With methadone-based medication-assisted treatment (MAT), patients can have an easier time managing withdrawal. Methadone has a high safety profile when you take it as directed by your doctor. However, it still counts as an opioid, making some patients worry about drug screenings and how it works. If you take methadone under a doctor’s supervision, it can help you stay on the path to recovery. Learn how methadone works with your system to get a better understanding of the treatment experience.
How Long Is Methadone in Your System?
Every patient metabolizes methadone differently, but as a long-acting opioid, it may be detected in the system longer than other prescription or illicit opioids. The amount of time methadone stays in your system depends on your dosage, body chemistry and previous exposure to opioids. Differences in your genetics can also influence how long it takes for you to metabolize methadone.
On average, methadone tends to stay in a person’s system after the time they feel its effects. Methadone relieves withdrawal symptoms for about 24 to 36 hours. Meanwhile, it can remain in your system for as little as eight hours or up to 59 hours. If you plan on stopping methadone, talk to your clinic doctor before changing your treatment. They will create a plan for tapering down so that you can minimize side effects.
Can I Tell When Methadone Takes Effect?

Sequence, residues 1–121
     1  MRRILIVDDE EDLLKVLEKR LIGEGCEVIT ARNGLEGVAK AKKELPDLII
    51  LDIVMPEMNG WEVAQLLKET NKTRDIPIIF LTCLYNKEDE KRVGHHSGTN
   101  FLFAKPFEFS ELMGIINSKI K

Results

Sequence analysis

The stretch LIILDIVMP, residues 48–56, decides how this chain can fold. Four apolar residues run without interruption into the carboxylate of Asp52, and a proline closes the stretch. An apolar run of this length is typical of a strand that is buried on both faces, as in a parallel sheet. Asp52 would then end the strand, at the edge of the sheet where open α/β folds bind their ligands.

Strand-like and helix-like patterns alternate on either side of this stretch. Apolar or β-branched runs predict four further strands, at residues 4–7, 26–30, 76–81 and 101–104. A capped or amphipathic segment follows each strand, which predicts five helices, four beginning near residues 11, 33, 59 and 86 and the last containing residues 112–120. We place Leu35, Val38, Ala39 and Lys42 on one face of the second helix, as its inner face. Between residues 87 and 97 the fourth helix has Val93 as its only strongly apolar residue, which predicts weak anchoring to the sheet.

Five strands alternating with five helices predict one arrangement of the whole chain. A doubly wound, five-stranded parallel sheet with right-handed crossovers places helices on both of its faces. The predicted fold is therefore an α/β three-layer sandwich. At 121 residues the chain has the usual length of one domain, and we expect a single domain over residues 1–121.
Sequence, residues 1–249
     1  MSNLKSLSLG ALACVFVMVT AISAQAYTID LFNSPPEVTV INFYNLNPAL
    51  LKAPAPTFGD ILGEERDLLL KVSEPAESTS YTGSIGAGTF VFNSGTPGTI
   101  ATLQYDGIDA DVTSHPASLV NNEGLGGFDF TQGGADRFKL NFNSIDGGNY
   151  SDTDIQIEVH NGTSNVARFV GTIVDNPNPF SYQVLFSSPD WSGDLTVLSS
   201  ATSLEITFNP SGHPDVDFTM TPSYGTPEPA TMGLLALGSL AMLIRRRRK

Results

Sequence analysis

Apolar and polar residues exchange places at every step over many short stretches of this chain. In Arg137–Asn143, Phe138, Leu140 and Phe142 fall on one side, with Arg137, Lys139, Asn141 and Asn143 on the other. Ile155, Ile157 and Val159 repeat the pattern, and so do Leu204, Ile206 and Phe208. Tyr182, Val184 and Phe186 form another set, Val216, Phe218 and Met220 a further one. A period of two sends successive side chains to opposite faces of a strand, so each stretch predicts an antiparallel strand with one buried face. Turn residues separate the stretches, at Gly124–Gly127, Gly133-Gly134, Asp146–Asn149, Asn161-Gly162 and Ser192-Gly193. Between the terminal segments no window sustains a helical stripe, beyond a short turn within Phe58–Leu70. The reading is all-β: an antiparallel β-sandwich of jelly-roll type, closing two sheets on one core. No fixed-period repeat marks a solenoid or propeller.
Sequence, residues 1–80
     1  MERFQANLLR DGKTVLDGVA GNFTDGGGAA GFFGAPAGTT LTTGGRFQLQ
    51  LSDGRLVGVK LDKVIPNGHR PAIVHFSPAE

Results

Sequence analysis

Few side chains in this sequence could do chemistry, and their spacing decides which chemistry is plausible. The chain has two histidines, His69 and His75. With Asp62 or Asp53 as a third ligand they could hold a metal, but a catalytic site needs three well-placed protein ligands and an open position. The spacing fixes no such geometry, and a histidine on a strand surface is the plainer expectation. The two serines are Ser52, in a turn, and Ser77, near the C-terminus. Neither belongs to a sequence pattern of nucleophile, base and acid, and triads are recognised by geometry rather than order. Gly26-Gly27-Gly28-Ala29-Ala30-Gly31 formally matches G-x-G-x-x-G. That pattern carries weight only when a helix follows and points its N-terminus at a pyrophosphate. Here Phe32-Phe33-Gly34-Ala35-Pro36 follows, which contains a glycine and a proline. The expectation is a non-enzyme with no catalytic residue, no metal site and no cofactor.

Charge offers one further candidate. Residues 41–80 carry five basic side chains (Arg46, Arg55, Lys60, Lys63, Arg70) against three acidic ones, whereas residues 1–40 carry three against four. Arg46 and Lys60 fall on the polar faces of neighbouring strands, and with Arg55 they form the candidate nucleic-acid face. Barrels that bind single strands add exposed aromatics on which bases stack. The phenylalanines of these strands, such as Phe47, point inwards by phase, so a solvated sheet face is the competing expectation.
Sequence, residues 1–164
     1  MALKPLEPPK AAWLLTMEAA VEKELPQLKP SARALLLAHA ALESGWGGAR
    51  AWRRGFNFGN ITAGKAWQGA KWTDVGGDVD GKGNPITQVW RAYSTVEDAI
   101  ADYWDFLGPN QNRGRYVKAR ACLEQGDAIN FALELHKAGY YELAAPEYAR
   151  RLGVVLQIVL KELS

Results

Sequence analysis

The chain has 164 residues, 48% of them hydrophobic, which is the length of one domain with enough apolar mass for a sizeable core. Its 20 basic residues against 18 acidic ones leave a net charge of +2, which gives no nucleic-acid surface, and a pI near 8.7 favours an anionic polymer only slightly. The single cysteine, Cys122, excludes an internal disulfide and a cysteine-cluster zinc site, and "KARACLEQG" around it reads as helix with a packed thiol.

Your methadone treatment plan will involve adjusting the amount you take until it gives you its intended effects. You need to let the methadone build in your system before you can feel its full benefits. The right amount of methadone will make your withdrawal symptoms and cravings easier to manage by reducing them, but not provide the euphoria or “high” of illicitly using opiods. When you participate in a medication-assisted treatment program, it should only provide therapeutic effects. If you feel euphoria or impairment when you take it, talk to your doctor. They may need to change the amount you take.
Does Having Methadone in Your System Affect Your Ability to Do Anything?
Taking too high an amount of methadone can result in feeling impaired, like when you take another opioid. If this situation takes place, talk to your clinic doctor. The proper amount of methadone will give you minimal side effects. Some patients still experience some side effects, but at a manageable level. Others have few or none of these symptoms. Your clinic team will help you develop a treatment strategy that lets you go through daily life without impairment.
Will Methadone Show up in a Drug Screening?
Drug screenings will detect methadone only when the testing center performs a specific test for it. Methadone is not detected in most standard drug tests. If you do receive a positive result, remember that you have protection under the Americans with Disabilities Act. A workplace can’t legally fire you for taking methadone if you take it under a doctor’s supervision.
Schedule Your First Appointment or Learn More
The journey to recovery begins with an opioid addiction treatment center like MedMark Treatment Centers. We serve patients across the United States with compassion and evidence-based practices.
Schedule an intake or learn more about opioid addiction treatment by contacting our staff today.